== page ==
How to explore the practical applications of apology and forgiveness with students.
By Marianne Green
Media reports focusing on negative social-emotional behaviors of prominent public figures seem to be increasing and saturating daily life. In the midst of this media chaos, how might schools equip their students with methods for restoring dignity in relationships? Exploring the roles of apology and forgiveness in Sacred Scripture and with practical applications are two effective methods.
First consider the importance of apology. When we apologize, we restore dignity through acknowledgment of our hurtful actions and/or words to another (Mind Tools, “How to Apologize”). To apologize allows us to “perceive the wooden beam in [our] own eye” (Matthew 7:3). Through the use of this method, a dialogue is possible. Opportunities for a discussion on appropriate and inappropriate behavior also can occur (Psychology Today, “The Power of Apology”).
Apologies take courage and wisdom, and there are appropriate ways to apologize. Consider using either the Old Testament story of Joseph (Genesis 50) or the New Testament letters of James 5:16 and 1 John 1:9 to reflect further on courageous apologizing. For younger elementary students, perhaps Let’s Own Up by Janine Amos, The Grudge Keeper by Mara Rockliff, or Draw the Line by Kathryn Otoshi are options to help facilitate these types of discussions.
Another practical application would be analyzing how fictional characters or historic figures practice the Greater Good Science Center’s Six Steps to Making an Effective Apology (“A Better Way to Say Sorry”):
- An Expression of Regret
- An Explanation
- Acknowledgment of Responsibility
- A Promise not to Repeat the Offense
- An Offer of Repair
- A Request for Forgiveness
Helping students understand that apologies focus on personal responsibility is key. An apology is not an opportunity to give excuses. Harriet Lerner, Ph.D., comments, “Maybe you’re only 14% to blame and maybe the other person provoked you. It can still help to simply say, ‘I’m sorry for my part in this’” (Psychology Today, “The 9 Rules for True Apologies”).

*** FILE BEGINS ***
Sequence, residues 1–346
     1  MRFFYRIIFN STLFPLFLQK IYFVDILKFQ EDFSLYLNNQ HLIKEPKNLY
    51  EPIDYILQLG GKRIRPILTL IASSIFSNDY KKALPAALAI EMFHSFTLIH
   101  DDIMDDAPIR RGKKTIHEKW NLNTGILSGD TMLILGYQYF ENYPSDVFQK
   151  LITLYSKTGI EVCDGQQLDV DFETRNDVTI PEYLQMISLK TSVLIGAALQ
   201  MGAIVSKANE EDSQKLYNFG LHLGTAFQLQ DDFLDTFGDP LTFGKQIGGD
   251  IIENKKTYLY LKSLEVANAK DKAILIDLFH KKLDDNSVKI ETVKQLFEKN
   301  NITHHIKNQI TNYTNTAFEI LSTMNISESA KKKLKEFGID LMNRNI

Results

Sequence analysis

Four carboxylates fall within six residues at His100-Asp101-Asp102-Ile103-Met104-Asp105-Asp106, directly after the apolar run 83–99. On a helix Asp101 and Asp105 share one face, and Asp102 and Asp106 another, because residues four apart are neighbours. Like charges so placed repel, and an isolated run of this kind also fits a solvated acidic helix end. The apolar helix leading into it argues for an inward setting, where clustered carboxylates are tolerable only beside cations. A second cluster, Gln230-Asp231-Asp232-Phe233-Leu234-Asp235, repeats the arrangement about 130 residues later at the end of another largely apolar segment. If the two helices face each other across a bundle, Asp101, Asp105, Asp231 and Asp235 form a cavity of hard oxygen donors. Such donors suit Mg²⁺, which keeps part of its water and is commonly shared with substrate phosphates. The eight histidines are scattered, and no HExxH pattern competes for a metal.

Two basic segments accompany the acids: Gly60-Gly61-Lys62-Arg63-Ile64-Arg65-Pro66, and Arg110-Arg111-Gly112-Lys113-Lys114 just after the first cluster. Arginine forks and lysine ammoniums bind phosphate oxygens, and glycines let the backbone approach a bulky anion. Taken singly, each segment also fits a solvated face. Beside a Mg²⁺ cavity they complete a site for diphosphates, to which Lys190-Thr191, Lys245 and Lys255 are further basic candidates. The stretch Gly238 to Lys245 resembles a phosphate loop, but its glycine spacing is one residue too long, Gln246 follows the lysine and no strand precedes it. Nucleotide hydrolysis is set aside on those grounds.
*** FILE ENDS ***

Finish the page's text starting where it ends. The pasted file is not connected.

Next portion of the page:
Why should teach the practice of apologizing? Robert Taibbi comments in his Psychology Today article that “Apologies are not about right or wrong, an argument about which reality is right, but instead about something else: Taking responsibility for unintentionally (or yes, sometimes intentionally) hurting someone emotionally or physically” (“The Art of the Apology”).
If apology is an awareness of how we harm others, then forgiveness is how we make “a conscious, deliberate decision to release feelings of resentment or vengeance toward a person or group who has harmed [us]” (UC Berkley Greater Good Science Center, “What is Forgiveness?”).
Both Jesus’ words from the Cross, “Father, forgive them, for they know not what they do” (Luke 23:34) and his teaching on forgiveness, “I say to you, not seven times but seventy-seven times” (Matthew 18:21-35) are wonderful examples for students to explore releasing resentment.
Elementary students may also apply Jesus’ teachings to books such as Forgiveness by Cynthia A. Klingel or The Forgiveness Garden by Lauren Thompson. Adolescent and high-school students may further wish to examine connections to modern examples such as Terri Roberts, the mother of the Pennsylvania Amish school shooter, or the Brothers of Atlas testimonies from Algeria.
Fred Luskin, Ph.D., the director of the Stanford University Forgiveness Projects, stresses that forgiveness is “a trainable skill” (“The Choice to Forgive”). Luskin continues to explain that “Forgiving someone does not mean forgetting or approving of hurtful events in the past. Rather, it means letting go of your hurt and anger, and not making someone endlessly responsible for your emotional well-being.”
“To forgive is a virtue,” notes Patrick DiVietri, Ph.D., Executive Director of the Family Life Institute, and “How someone injures us will affect how it is easy to forgive” (“Forgiveness: The Only Remedy”). Again, forgiveness is not an acceptance of the hurtful behavior, but rather it is a virtue allowing someone to recognize the pain without permitting that pain to control them. Our actions matter, and helping students value the roles of apology and forgiveness will provide them with more tools to restore dignity in their relationships.
Marianne T. Green, M.A., a Golden Apple recipient and independent consultant for the Catholic Apostolate Center, is an adjunct faculty member of St. Joseph’s College. Her recent collaboration with Diocese of Reykjavik is featured on Instagram @Virtual_Disciple.
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